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MrMartyr

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Everything posted by MrMartyr

  1. I Searched the inventory on the website for the supplier in Austin. They describe their 1/2" marine ply as: Grade 6566, Imported, Core Veneers (species not specified), and Aquatek-Meranti. This would the $105/sheet stuff. From what read that night about the BS 6566 and 1088 standards, I don't think am very impressed this stuff. Especially for the cost. They do have some 1088 grade but, only in 1/4". For some reason I had some, almost "mystical" impression in my little brain about the Baltic Birch plywood. BUT when Dave mentioned, above, that it is commonly used for cabinetry, I began to unlock myself a little. Thanks Dave!! I was clear to me that you guys get very good results with the Baltic ply but struggled to understand how. It's cabinet plywood, intended for interior use, right?..... and you folks are using to build boats. That just don't make no sense at all. Then I found that that it is constructed with WATERPROOF GLUE! AH-HAH!! Now I understand, a little better, why it works so well for you guys. And guess what.... My store in Austin sells a Baltic Birch cabinet plywood as described below. Sounds very familiar, doesnt it? I called yesterday to check the price...... 1/2", 5'×5' sheet, right around $27. 1/2" Grade Size Origin Color Core Cut Note BB/BB- 5x5 Russia - BB - Baltic Birch Core RC - Rotary Cut Contains limited football patches in both sides Now all I need is to go by me some ply, some cypress lumber and get to work...... after I get a few other projects around the house wrapped up that is. Thanks for the guidance and the patience folks. Marty
  2. Thanks, fellows, for the advice and guidance. By far, my personal preference is to let the wood look like wood. I do not want to "paint" my frame if I don't need to. I want it to be obvious what my boat is made of, that's part of the attraction. But, just to make sure the base is thouroghly covered.... the opinions given concerning cypress stringers not warping, apply even to kiln dried lumber. Correct? (Sorry, my ADD brain just has to ask 😧) Frankly, I am leaning toward using tung or linseed oil. Easier application and handling of the work pieces after coating, easier cleanup, cost, avialiabity..... and they would simply enhance the natural beauty of the wood. It also seems to me that the oils would provide reasonably good protection from moisture while allowing the wood to "breath" and let the wood shed any excess moisture that it did happen to absorb. The supplier I found for the cypress is in Austin, TX. (Only about 1/2 hour from my house. Local pick up and no hassel that comes with shipping. Yay!) Their focus is on the professional, custom cabinet builder so, I am hoping that translates into clear, knot free lumber. They have various lengths of rough sawn cypress in 4/4" @ $4.58/Bf and 8/4" @ 5.18/Bf. I am hoping get my stringers from these with minimum waste and scarfing and, minimum cost. Kudzu, In your post in FAQ regarding what ply to use for frames and what to avoid you mention MDO as good alternative to marine grade ply. Is there anything I need to be looking for to rule in (or out) a particular MDO product as suitable? The MDO is considerably less costly than marine (1/2" is $62/ sheet vs $105). I really don't mind the extra cost for the marine grade if that is truly superior. But, if I can get suitable MDO for approximately 1/2 the cost..... well, you know. 😊 And, I will definatly inquire about the source and material for their marine ply. Marty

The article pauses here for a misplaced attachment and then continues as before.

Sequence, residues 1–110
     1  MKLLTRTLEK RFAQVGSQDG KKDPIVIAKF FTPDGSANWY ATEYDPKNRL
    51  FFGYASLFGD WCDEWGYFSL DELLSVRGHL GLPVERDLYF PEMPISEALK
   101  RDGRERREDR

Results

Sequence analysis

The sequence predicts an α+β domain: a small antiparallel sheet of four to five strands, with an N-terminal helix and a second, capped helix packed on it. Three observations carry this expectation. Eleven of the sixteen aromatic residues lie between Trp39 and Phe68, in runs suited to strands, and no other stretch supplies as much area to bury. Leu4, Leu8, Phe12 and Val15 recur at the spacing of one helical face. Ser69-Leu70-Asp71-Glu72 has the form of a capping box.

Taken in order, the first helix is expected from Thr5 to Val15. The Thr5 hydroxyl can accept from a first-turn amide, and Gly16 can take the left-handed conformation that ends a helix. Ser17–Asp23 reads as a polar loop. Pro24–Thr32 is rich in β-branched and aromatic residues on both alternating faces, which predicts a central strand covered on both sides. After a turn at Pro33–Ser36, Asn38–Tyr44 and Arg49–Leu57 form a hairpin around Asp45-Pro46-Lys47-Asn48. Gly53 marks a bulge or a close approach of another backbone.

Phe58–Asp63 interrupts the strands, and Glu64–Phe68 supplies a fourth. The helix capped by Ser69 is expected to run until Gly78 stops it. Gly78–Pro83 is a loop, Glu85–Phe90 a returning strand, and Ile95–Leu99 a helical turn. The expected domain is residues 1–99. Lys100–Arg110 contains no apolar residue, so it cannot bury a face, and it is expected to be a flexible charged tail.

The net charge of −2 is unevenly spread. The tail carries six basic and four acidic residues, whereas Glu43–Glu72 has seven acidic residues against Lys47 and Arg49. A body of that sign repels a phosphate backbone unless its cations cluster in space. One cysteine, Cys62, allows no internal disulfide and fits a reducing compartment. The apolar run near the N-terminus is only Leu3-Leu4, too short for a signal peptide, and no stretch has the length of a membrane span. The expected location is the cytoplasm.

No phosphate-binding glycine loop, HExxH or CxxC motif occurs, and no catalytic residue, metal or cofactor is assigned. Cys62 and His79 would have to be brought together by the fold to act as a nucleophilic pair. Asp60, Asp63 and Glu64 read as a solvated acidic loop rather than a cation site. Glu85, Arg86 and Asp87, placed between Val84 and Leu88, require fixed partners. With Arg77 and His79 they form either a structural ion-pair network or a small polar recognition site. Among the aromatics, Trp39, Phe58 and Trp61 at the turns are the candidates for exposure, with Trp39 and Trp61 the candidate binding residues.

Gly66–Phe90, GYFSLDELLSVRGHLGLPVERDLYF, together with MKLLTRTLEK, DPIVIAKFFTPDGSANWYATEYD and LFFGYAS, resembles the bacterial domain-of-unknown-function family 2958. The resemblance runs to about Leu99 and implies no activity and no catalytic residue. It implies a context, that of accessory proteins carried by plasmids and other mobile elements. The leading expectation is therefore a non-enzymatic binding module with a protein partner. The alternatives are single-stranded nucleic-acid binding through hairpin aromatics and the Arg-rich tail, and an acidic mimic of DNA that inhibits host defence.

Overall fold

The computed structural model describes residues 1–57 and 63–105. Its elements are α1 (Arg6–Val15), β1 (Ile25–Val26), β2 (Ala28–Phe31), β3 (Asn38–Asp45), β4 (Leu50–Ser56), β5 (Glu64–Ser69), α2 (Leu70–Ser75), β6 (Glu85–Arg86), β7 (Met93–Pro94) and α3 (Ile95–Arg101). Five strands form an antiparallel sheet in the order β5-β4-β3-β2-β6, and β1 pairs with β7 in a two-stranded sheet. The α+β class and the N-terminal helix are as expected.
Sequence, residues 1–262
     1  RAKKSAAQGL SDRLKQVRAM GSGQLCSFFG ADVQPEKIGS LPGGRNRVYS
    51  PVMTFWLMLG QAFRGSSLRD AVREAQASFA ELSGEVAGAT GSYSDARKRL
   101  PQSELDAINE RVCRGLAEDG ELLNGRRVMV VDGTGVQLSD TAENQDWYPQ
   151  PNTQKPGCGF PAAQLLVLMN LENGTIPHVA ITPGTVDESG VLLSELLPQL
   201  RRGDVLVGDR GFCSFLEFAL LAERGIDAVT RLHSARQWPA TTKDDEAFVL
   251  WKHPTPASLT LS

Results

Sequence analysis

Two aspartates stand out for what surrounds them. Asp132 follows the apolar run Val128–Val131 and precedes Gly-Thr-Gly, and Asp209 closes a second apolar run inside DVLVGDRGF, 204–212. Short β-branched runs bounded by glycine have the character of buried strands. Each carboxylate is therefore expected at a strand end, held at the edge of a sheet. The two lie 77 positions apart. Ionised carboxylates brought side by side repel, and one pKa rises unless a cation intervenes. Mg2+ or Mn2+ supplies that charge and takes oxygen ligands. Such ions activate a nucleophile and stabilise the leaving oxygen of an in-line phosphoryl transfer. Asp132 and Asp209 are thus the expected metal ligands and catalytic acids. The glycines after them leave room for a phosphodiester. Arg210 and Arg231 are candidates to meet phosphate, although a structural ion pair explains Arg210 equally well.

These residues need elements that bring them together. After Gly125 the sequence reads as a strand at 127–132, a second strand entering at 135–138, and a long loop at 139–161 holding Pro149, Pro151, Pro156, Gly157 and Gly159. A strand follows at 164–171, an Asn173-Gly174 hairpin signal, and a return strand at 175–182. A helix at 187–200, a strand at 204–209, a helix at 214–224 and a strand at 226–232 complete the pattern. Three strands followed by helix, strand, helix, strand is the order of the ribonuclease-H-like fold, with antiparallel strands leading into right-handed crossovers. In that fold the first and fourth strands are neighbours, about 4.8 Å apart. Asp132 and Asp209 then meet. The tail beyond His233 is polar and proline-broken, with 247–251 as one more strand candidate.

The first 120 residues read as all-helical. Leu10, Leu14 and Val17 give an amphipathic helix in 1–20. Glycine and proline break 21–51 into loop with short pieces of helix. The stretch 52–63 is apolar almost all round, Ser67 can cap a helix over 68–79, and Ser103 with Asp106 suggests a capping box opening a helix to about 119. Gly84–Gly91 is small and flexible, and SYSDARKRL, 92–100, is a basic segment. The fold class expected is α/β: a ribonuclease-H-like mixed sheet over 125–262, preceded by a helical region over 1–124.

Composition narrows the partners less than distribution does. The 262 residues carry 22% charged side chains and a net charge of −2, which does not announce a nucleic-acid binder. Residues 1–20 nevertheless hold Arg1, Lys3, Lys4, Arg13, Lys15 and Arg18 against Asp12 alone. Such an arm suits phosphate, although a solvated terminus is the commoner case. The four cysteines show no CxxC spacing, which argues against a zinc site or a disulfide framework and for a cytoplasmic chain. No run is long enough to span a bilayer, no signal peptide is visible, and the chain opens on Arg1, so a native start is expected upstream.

3. OK folks, here goes. I am gathering materials for my 1st skin boat and I have found a local source for marine grade ply even, MDO, for the frames and high quality CVG Cypress to use for my stringers. I was really excited to learn (from the Googles, of course) that Cypress is actually a very good wood for boats due to it relative weight and its rot resistance. But, the cavet is that this cypress is kiln dried and the supplier warns that it MUST be well sealed to prevent warping as is absorbs moisture. I've searched the threads here and haven't found this specific question addressed yet...... is Kilz (water or oil based) a suitable product to coat and seal the frames ans stringers from water intrusion before skinning the boat? Other than the obvious issue with it being white and covering up the natural wood tone are there any reasons to not use Kilz on the frame? (SIDEBAR....Has anybody tried tinting Kilz???) Are there preferences for oil or water based? Why? I'm looking forward to seeing what the experience has to say. Blessings, Marty
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